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In print for the first time in over ten years, Act and Crime provides a unified account of the theory of action presupposed by both Anglo-American criminal law and the morality that underlies it.
The book defends the view that human actions are always volitionally caused bodily movements and nothing else. The theory is used to illuminate three major problems in the drafting and the interpretation of criminal codes: 1) what the voluntary act requirement both does and should require; 2) what complex descriptions of actions prohitbited by criminal codes both do and should require (in addition to the doing of a voluntary act); and 3) when two actions are 'the same' for purposes of assessing whether multiple prosecutions and multiple punishments are warranted.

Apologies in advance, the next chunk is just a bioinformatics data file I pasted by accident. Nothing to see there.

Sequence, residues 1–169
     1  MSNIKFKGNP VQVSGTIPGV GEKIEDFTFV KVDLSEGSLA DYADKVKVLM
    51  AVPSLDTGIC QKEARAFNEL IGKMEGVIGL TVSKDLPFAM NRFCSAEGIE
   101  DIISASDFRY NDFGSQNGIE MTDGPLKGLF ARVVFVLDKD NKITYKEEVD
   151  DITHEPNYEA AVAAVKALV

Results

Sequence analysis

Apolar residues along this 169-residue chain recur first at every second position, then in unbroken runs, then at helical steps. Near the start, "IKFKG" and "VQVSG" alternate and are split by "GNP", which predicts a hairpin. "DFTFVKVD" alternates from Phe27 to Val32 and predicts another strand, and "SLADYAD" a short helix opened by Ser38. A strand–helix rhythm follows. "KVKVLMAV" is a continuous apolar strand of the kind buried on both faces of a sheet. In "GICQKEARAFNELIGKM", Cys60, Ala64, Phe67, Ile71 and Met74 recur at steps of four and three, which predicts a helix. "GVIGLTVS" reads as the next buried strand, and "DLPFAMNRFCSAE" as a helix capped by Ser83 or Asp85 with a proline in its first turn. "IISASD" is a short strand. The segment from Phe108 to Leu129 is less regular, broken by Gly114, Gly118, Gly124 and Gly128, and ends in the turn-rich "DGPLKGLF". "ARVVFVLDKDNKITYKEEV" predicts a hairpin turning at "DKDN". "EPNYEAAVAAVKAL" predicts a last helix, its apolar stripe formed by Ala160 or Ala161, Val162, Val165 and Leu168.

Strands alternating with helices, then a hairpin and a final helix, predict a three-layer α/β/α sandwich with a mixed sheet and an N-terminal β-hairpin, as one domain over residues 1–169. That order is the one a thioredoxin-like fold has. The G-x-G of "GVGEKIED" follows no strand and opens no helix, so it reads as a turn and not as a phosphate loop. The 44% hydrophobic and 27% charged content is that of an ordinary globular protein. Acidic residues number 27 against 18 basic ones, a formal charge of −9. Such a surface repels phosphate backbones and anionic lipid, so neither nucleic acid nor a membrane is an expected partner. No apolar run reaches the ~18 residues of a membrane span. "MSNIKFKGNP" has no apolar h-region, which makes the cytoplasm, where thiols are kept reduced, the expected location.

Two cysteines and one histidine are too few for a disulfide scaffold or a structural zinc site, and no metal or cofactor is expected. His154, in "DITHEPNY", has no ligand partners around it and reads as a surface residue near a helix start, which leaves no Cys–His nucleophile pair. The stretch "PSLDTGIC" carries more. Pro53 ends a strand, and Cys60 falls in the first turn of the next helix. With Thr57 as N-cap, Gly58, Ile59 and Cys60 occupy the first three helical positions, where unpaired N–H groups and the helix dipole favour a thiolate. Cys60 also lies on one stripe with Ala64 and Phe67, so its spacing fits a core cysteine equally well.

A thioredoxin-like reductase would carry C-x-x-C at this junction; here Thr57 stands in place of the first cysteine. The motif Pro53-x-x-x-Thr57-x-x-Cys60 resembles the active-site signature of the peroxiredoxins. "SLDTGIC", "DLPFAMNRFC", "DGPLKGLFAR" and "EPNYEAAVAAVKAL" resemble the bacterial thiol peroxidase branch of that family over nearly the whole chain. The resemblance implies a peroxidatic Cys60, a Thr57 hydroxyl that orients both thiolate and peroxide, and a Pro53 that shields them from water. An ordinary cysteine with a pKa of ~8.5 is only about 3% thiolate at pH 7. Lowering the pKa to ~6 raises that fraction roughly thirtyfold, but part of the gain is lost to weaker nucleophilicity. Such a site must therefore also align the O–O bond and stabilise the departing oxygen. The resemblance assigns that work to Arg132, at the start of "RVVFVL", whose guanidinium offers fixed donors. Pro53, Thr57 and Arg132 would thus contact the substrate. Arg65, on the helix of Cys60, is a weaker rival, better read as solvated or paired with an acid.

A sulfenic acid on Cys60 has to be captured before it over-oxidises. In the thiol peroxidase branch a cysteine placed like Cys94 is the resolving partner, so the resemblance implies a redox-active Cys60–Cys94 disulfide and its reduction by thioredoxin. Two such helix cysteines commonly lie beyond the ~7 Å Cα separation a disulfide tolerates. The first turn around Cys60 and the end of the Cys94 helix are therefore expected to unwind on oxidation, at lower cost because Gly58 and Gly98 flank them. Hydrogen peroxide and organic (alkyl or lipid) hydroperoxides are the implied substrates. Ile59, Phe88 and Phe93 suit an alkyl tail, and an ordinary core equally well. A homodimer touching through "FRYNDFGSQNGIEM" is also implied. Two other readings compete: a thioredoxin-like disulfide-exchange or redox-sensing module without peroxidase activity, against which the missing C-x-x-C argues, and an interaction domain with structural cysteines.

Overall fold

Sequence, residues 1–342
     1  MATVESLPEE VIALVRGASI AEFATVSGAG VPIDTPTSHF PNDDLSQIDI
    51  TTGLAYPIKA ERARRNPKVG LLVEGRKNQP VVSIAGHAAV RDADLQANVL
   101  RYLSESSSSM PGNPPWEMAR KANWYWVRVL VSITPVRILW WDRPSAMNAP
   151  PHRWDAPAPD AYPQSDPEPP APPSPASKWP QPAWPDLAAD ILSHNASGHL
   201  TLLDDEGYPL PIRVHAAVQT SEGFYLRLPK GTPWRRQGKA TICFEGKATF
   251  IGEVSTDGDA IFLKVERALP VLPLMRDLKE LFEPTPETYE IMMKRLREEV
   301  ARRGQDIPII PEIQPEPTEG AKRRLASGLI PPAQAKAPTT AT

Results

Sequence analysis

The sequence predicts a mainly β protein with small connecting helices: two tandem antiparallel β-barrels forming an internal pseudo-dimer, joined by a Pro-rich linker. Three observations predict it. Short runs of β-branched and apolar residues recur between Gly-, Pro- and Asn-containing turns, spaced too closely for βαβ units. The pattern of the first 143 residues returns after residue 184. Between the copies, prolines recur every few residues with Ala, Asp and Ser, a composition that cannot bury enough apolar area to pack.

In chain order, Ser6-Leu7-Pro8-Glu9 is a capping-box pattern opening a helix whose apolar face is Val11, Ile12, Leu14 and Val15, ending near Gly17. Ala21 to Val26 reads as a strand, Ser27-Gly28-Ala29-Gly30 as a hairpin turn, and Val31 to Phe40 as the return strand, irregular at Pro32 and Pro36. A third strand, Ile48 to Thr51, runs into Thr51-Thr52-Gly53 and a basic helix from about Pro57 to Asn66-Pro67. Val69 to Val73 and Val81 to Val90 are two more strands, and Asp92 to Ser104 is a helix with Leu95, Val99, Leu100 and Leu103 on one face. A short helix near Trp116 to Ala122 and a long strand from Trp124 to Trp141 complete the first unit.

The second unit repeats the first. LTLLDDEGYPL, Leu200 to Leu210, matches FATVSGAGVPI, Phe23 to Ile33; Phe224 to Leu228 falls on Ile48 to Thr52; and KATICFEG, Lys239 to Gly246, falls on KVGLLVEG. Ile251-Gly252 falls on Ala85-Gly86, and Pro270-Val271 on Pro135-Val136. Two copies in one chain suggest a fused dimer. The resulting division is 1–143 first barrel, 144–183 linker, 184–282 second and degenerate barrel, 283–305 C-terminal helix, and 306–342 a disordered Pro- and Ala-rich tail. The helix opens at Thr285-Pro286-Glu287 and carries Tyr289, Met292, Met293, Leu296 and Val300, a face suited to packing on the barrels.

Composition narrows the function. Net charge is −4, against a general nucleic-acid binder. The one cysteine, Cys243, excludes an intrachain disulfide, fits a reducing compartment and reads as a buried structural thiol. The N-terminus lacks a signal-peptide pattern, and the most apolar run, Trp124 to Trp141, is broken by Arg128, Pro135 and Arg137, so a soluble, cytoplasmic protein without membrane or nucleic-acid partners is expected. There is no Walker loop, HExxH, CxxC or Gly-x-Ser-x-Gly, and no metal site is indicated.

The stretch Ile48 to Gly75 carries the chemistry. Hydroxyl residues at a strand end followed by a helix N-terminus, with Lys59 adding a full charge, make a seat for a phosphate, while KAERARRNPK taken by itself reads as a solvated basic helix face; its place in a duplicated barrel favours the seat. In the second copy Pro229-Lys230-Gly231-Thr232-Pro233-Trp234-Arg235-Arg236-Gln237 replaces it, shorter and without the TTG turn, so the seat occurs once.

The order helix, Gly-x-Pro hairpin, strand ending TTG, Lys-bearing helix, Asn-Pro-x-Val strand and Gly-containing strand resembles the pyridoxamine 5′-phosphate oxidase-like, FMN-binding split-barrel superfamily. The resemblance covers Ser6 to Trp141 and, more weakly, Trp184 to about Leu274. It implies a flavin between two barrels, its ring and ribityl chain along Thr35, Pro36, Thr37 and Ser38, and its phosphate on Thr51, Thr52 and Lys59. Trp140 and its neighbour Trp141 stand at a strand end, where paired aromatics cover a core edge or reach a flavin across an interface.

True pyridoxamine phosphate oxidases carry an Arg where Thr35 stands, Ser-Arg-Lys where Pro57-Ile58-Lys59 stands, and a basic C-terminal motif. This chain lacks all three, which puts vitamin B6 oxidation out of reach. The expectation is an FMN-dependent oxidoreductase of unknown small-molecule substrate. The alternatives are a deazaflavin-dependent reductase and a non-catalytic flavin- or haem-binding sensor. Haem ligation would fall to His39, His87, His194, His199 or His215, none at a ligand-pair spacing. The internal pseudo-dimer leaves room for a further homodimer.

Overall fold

The book both contributes to the development of a coherent theory of action in philosophy, and it provides both legislators and judgees (and the lawyers who argue to both) a grounding in three of the most basic elelments of criminal liability.